A Warner Classics/Erato release, © 2021 ERDA under exclusive licence to Parlophone Records Limited ℗ 2021 ERDA, under exclusive licence to Parlophone Records Limited

Symphony No. 3 in G minor, Op. 36 (Louise Farrenc)

5
I. Adagio. Allegro
00:09:32

Laurence Equilbey, Conductor - Louise Farrenc, Composer - Insula Orchestra, Orchestra

A Warner Classics/Erato release, © 2021 ERDA under exclusive licence to Parlophone Records Limited ℗ 2021 ERDA, under exclusive licence to Parlophone Records Limited

6
II. Adagio cantabile
00:10:33

Laurence Equilbey, Conductor - Louise Farrenc, Composer - Insula Orchestra, Orchestra

A Warner Classics/Erato release, © 2021 ERDA under exclusive licence to Parlophone Records Limited ℗ 2021 ERDA, under exclusive licence to Parlophone Records Limited

7
III. Scherzo. Vivace
00:06:41

Laurence Equilbey, Conductor - Louise Farrenc, Composer - Insula Orchestra, Orchestra

A Warner Classics/Erato release, © 2021 ERDA under exclusive licence to Parlophone Records Limited ℗ 2021 ERDA, under exclusive licence to Parlophone Records Limited

8
IV. Finale. Allegro
00:06:41

Laurence Equilbey, Conductor - Louise Farrenc, Composer - Insula Orchestra, Orchestra

A Warner Classics/Erato release, © 2021 ERDA under exclusive licence to Parlophone Records Limited ℗ 2021 ERDA, under exclusive licence to Parlophone Records Limited

Album Description

The time has come at last to rescue the history of music from the male condescension that has relegated female composers to the status of a handful of oddities. Heir to Beethoven, revered in Paris through the teaching of her foreign teachers Hummel and Reicha, Louise Farrenc left behind her a collection of strong and dramatic symphonic works. Unlike Clara Schumann or Alma Mahler, Louise Farrenc was not hindered by a husband who set her to cooking, cleaning or bearing many children. Coming from an artistic background and strongly encouraged by her husband, she had every opportunity to develop as a composer, but also as a pianist, teacher, editor and musicologist.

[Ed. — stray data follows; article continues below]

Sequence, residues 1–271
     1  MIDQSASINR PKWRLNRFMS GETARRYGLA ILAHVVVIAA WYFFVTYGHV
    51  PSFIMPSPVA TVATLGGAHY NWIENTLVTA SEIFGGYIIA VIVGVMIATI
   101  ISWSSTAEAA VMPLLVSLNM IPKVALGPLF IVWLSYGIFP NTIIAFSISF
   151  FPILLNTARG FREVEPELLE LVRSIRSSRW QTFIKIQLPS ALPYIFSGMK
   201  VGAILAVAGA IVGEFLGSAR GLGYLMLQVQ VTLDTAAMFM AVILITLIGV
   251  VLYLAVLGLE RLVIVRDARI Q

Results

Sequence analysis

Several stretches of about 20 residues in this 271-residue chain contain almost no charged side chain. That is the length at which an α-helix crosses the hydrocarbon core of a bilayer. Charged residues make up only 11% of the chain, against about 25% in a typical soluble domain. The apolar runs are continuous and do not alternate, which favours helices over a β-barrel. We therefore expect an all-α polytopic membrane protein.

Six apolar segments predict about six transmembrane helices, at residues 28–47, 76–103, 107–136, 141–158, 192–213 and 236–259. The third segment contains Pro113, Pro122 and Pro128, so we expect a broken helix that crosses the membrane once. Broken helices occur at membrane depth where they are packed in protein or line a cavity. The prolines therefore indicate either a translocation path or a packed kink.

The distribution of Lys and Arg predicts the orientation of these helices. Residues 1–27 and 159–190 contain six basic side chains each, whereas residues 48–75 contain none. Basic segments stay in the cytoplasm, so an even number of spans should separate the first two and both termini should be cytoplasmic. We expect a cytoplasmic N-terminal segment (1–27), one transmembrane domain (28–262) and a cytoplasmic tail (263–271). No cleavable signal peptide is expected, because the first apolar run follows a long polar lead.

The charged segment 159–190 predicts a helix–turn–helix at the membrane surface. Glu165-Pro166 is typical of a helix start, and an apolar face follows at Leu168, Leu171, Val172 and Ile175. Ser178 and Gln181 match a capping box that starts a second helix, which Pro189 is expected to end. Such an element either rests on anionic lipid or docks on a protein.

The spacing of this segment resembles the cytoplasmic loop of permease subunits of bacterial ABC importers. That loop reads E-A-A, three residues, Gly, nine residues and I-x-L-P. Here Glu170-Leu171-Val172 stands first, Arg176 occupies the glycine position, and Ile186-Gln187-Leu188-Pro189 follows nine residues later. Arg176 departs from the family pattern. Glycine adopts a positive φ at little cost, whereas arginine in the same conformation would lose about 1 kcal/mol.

This album is the first volume of Louise Farrenc's complete set of three Symphonies conducted by Laurence Equilbey at the head of the Insula Orchestra, which she assembled in order to explore little-known repertoire, in particular to bring to the forth works by the great forgotten composers such as Fanny Hensel-Mendelssohn or Clara Schumann.



Despite the success she was beginning to enjoy in Paris, Louise Farrenc found it very difficult to stage her symphonic works in the French capital. It was in Brussels that her Symphony No. 1 in C minor was first performed. Its writing follows brilliantly in the wake of the best of the 1840s, in a style where craftsmanship competes with the influences of the great masters of the time: Beethoven, Schubert and Mendelssohn.

Premiered this time around in Paris under the direction of François-Antoine Habeneck, whose interpretations of Beethoven's symphonies are known throughout Europe, the more personally written Symphony No. 3 in G minor begins with a cantilena for solo oboe preceding an Allegro full of dramatic energy, syncopations and harmonic surprises.



In her symphonies, Louise Farrenc has managed to combine contemporary Viennese style with great intensity and originality. Far from being mere curiosities, Farrenc's symphonies deserve to be included in the repertoire of French orchestras, like those of Albéric Magnard, which are also forgotten in his own country, but that's another story... © François Hudry/Qobuz

Details of original recording : Recorded: 4–6 March 2021, Auditorium Patrick Devedjian – La Seine Musicale, Boulogne-Billancourt (France)